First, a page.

By Ross Altman

No_Hiding_PlaceMarilyn Chambers did the X-Rated version; Charlie Rich did the R-Rated adaptation (When We Get Behind Closed Doors); but to enjoy the family friendly PG-Rated version come home to Larry Hanks and Deborah Robins’ new CD, No Hiding Place, an album of quintessential traditional and modern folk songs, including Green Door, a 1957 US hit by Jim Lowe (written by Bob Davie and Marvin J. Moore in 1956), and a hit in the UK as well by three different artists, which inspired the adult film Behind the Green Door.

Sex sells, but one does not expect it to sell records by old-time singer Larry Hanks and his wife Deborah Robins. So let’s just say their tongue-in-cheek and sweetly wholesome version of a fun-song from the nifty fifties filled with double entendres (is it a bar or a bordello?) was not intended to raise my eyebrows. But raise them it did.

Nonetheless, it’s not the most adult song on the album; for that one is struck by the Utah Phillips ballad Orphan Train, a heart-stopping narrative about a true American institution—a real train that took orphans out west searching for adoptive parents, almost like abandoned dogs and cats in an animal shelter, begging to be taken in. Written in the voice of the orphans themselves, as adults looking back on their early sorrows, Utah Phillips’ song is one he called “a great American story,” previously untold. Nowhere is his genius more abundantly displayed than in this late addition to his canon of nearly forgotten tales discovered, recovered and memorialized by the late great Wobbly troubadour.

Utah passed away in 2008, before he could put it on a new record (though a live performance was included in a recently released boxed compilation), so we are indebted to his friends Larry Hanks and Deborah Robins for preserving it for him. It’s a great song.

Two more Utah Phillips songs grace this lovely hearthside collection, his classic hobo dog song Queen of the Rails, and his paean to Big Bill Haywood’s less well-known love of his life—Nevada Jane, both beautifully and movingly performed.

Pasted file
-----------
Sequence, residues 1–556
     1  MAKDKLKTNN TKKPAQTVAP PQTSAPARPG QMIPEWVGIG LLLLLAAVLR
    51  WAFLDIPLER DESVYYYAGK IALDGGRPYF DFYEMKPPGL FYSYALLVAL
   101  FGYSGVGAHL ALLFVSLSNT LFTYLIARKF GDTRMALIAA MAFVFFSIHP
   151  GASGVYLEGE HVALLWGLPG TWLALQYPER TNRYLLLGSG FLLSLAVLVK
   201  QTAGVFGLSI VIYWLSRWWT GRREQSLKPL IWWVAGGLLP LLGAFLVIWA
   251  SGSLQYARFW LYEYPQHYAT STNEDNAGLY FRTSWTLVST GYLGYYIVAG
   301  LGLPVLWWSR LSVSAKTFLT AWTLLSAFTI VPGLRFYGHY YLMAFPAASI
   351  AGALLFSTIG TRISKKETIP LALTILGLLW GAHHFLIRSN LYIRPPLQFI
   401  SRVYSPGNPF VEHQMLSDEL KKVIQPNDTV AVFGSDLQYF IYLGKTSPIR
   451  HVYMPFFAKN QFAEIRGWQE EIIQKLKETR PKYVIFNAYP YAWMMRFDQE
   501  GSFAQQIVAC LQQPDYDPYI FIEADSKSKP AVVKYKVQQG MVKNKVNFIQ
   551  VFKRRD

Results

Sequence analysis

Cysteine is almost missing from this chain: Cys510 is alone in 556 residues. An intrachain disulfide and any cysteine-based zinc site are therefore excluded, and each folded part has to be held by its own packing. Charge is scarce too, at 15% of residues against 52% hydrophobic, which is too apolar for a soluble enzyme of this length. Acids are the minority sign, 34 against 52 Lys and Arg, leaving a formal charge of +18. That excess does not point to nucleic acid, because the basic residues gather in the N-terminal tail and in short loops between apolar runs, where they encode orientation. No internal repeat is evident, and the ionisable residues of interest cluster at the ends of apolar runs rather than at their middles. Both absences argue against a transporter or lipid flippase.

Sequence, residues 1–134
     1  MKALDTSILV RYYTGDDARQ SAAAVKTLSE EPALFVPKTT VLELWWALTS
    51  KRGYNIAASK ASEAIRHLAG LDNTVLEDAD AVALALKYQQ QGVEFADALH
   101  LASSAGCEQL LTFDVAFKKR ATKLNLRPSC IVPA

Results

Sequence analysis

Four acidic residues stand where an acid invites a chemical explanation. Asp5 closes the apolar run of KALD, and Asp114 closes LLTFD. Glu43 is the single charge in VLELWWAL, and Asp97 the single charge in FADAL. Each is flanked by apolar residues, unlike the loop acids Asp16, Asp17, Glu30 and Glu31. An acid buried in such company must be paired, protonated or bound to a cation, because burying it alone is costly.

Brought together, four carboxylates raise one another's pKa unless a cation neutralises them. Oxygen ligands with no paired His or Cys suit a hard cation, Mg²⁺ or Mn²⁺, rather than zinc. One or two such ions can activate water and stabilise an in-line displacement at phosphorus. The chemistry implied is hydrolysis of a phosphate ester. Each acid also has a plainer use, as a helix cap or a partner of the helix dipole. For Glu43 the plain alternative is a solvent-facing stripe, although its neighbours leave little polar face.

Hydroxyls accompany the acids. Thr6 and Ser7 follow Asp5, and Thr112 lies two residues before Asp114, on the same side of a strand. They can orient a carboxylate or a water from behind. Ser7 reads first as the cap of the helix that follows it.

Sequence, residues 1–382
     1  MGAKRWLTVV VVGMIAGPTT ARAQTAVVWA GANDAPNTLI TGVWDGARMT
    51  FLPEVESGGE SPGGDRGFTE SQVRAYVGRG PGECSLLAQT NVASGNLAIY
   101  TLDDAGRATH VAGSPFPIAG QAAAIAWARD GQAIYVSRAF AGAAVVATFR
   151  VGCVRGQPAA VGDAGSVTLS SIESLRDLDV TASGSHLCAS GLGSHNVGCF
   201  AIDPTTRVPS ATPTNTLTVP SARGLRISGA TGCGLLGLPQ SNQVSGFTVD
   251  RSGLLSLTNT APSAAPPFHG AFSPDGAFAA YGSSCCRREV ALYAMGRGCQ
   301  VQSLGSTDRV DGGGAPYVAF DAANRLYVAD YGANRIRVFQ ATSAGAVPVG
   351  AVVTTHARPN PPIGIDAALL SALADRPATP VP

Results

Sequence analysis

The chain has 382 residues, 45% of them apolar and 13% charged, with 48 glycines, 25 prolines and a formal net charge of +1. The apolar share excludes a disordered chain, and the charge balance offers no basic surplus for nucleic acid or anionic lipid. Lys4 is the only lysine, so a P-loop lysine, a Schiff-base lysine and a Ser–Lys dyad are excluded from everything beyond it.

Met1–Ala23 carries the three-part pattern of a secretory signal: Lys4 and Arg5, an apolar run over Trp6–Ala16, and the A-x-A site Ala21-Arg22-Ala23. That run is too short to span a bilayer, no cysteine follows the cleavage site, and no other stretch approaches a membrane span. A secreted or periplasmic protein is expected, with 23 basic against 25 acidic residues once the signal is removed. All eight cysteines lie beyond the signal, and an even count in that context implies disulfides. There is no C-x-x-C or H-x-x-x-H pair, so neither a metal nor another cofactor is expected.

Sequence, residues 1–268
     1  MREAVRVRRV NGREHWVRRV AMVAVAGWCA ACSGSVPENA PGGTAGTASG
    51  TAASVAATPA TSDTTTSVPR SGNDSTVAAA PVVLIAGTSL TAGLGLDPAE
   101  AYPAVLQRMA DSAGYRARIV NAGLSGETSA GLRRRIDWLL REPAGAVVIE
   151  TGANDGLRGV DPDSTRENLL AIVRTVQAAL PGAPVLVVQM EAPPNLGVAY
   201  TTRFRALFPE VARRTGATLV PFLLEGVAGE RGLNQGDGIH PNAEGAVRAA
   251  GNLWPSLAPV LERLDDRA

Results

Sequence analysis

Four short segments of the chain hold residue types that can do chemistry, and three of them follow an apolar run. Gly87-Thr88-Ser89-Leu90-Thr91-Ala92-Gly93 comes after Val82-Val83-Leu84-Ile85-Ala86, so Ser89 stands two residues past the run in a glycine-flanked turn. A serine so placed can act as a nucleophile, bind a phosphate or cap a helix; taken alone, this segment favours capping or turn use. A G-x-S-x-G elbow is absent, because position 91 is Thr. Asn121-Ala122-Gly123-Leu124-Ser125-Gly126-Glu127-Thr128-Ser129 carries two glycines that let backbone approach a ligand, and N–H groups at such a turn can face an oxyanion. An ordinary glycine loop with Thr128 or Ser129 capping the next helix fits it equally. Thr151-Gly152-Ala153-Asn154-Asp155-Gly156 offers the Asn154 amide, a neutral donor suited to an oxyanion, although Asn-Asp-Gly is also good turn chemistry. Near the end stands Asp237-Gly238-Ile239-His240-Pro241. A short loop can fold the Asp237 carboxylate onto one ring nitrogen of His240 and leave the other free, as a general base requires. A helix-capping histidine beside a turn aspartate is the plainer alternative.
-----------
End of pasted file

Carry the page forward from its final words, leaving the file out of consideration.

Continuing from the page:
There are three hard-hitting mill-worker songs, Weave Room Blues by Dorsey Dixon, Let Them Wear Their Watches Fine, which Pete Seeger included in his 1955 Folkways album Industrial Ballads, and which Larry came across in an abandoned book he found in the rain, Proletarian Literature of the United States, and Cotton Mill Girls, an arrangement of which was copyrighted by Hedy West in 1962. Larry and Deborah describe it as “one of several iterations of Hard Times In the Mill,” but I think it is a different song entirely, indeed an “answer song” to Hard Times, which is about cotton mill boys. The verse structure is similar, basically rhymed couplets, but the chorus is very different both musically and textually. I have consulted all of my source books and it does not appear in any book of mine published before Hedy West’s version of 1962, whereas according to Edith Fowke and Joe Glazer Hard Times In the Mill goes back to the beginning of the 20th century. I have also consulted Zilphia Horton’s landmark folk music collection from Highlander Folk School, which is archived (in their original boxes and abstracted on-line) in the Tennessee State Library and Archives in Nashville, and the song never turned up at Highlander during Zilphia’s tenure as music director before her untimely death in 1956, though Hard Times In the Mill was well-documented. All of which leads me to think that Hedy’s version from the song she collected in her hometown of Cartersville, Georgia is the original modern source, despite the additional verses they have added from Lyle Lofgren and Ellen Tinkler.

Hedy West was the daughter of Appalachian poet Don West, who was co-founder with Myles Horton (Zilphia’s husband) of Highlander in 1932, and from whom she acquired a thorough grounding in folklore and labor history, as well as considerable gifts as a writer. She also wrote another song so good it is often mistakenly reprinted as a folk song—Five Hundred Miles. She was a professor at State University of New York at Stony Brook while I was studying for my doctorate at SUNY-Binghamton. I arranged for her to come to Binghamton to give a concert, and have been a loyal fan ever since.

Larry and Deborah’s versions of all of these songs are wonderful, unpretentious and close to the bone. They have a genuine feel for protest songs that are not preachy, but derive their power from the innate dignity of the people who created them to tell the stories of unsung heroes who labored in the industrial south during the Great Depression. When Larry and Deborah sing them you believe you are listening to the real people whose lives they etch into being.